There are only several weeks left till the summit "Eastern partnership" in Vilnius, and it is time to see whether Ukraine has done its "homework". "Diploma pre-defense", however, is already in progress with EU Commissioner responsible for enlargement and European neighbourhood policy Stefan Fule visiting Kyiv with a humanitarian mission. What are the conclusions the EU official may come to?

Signing of the Association agreement and creation of the free trade area enter final straight. The government of Ukraine has already approved the draft EU-Ukraine Association Agreement, but there are still three tasks left to fulfill before the summit in Vilnius. During roundtables, meetings and conferences Fule repeatedly announced that Ukraine indeed had made a significant progress, but not all EU requirements had been met. In particular, Fule insisted that Ukraine had to adopt legislation on elections and on the prosecutor’s office considering relevant recommendations of the Venice Commission, and, of course, to settle Tymoshenko's case. 

Listening to Europe's instructions, supporters of the European integration start worrying whether Ukraine will come up to the deadline.  The authorities assure it will. In particular, leader of the Party of Regions faction Oleksandr Yefremov personaly assured Fule that the law "On prosecutor's office" and  the draft bill on "Amendments to some legislative acts of Ukraine for the improvement of election legislation" would be adopted in time.

However, Yefremov noted that recommendations of the Venice Commission and some of its innovations gave rise to contradictions. "Some of the ideas cause surprise, and many MPs believe that if the law is adopted as it is, even a serial killer will have a chance to be elected to the parliament," the MP summed up.

To remind, earlier on Ukrainian politicians and experts already criticized some of the EU propositions on improvement of election legislation. In particular, many MPs believe it inexpedient to lower vote threshold from 5% to 3%, as recommended by the OSCE Office for Democratic Institutions and Human Rights. Deputies also do not support the proposition to enlarge the power vested in territorial election committees, as they work on a non-permanent basis and their staff include regular people, not professionals on election law.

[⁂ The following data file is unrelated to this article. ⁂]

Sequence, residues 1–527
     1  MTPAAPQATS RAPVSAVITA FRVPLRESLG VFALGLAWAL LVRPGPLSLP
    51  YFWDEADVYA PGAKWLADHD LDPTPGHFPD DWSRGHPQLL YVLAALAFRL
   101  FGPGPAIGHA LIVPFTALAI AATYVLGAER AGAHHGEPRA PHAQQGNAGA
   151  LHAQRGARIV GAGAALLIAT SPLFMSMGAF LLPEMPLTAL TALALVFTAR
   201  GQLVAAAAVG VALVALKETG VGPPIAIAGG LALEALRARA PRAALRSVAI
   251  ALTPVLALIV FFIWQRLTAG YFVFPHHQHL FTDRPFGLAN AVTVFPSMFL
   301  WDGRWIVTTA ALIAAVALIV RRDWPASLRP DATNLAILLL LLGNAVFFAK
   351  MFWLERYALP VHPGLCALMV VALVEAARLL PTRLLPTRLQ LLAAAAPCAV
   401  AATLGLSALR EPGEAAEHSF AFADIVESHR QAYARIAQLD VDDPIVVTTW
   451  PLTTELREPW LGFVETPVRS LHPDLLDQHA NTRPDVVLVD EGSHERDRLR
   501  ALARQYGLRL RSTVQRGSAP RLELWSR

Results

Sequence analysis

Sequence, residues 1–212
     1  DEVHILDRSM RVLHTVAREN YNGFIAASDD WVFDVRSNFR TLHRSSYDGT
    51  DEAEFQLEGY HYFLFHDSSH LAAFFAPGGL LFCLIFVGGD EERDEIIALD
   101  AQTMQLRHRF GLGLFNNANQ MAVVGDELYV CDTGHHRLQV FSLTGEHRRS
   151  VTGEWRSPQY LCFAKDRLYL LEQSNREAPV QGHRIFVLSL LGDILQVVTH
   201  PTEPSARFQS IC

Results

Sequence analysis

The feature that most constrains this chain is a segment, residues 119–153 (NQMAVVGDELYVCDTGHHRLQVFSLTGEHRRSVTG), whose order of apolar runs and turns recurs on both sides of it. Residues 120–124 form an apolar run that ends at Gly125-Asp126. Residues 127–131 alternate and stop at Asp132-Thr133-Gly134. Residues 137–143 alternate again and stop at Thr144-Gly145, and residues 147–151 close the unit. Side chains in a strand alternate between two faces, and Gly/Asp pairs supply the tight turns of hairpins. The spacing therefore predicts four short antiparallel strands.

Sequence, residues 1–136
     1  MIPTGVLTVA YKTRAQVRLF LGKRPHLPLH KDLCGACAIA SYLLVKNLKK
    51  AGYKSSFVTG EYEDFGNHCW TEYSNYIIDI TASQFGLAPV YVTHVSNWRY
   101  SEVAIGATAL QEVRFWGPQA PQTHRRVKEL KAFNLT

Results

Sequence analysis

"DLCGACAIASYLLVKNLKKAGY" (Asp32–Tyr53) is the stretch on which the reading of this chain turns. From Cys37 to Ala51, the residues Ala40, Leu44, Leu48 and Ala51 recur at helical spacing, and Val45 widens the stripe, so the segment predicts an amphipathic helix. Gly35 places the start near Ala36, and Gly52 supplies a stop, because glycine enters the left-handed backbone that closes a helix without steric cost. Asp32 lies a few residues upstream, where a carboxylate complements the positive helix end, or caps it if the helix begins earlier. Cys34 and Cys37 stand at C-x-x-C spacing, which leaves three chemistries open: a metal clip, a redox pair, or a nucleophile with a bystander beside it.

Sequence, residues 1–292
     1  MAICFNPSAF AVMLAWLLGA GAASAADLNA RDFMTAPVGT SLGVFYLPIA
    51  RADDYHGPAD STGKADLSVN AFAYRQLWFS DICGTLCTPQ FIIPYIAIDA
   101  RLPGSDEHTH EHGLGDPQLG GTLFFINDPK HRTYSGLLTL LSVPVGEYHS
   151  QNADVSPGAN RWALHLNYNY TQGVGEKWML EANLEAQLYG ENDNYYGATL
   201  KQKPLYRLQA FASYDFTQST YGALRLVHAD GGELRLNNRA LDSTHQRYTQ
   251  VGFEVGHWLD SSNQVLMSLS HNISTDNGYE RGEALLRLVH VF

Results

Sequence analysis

In other words, some propositions are unfit for Ukraine, and if adopted may obstruct transparent and democratic process of voting. Is it a dead-end? Not at all. And head of the EU Delegation to Ukraine Jan Tombinski clearly specified that. "Development of election legislation is a sovereign right of Ukraine. However, after the adoption of amendments the law must remain consistent for everyone to work within legal framework. The recommendations of foreign experts are just a basis to start with, but they are not the Bible," Tombinski explained.

Meantime, the third task is not so easy to solve. However, the Ukrainian side pledges to seek ways to settle the situation with ex-Premier Yulia Tymoshenko. "The case of Yulia Tymoshenko remains a pressing issue, but the mission of Cox-Kwasniewski keeps working; we cooperate and seek ways together..." President Viktor Yanukovych said.

Tymoshenko's colleague, head of the "Motherland" faction in the parliament Arseniy Yatseniuk is convinced that Yulia Volodymyrovna must be understood, forgiven and set free: either pardoned or sent abroad for treatment.  According to Yatseniuk, Tymoshenko can be freed following the example of former interior minister Yuri Lutsenko: be pardoned by the President. Moreover, Arseniy Petrovych says it time and again that the law on healthcare provides for every citizen of Ukraine, including a convict, to receive medical assistance and that one political decision is enough to settle all legal contradictions.    

However, representatives of the ruling majority insist that a separate law is needed to enable Tymoshenko to undergo treatment in Germany. Moreover, they say they agree to pass such law, though have now intention to work it out themselves, but are waiting for the opposition to come forward with an initiative and ready to cooperate. At the same time, Oleksandr Yefremov underlined that such law must be developed not for one person, but for a group of people, convicted in our country but needing treatment abroad. Moreover, the law should not become a loophole to avoid responsibility. "If a convict goes abroad for treatment, it must be treatment, not vacation. The law must stipulate certain guarantees and liabilities for violations. Besides, we must think of guarantees a receiving state must provide taking a convict for treatment," Yefremov summed up.  

The idea of cooperation has been welcome by Ukrainian speaker Volodymyr Rybak as well. "Both the power and opposition should sit and work on the law. As the saying goes, a journey of a thousand miles begins with a single step." The speaker has a case here. In unity there is strength, and if there is a will to accomplish last three euro-tasks, it will be possible regardless of any complications.

Yulia Artamoshchenko


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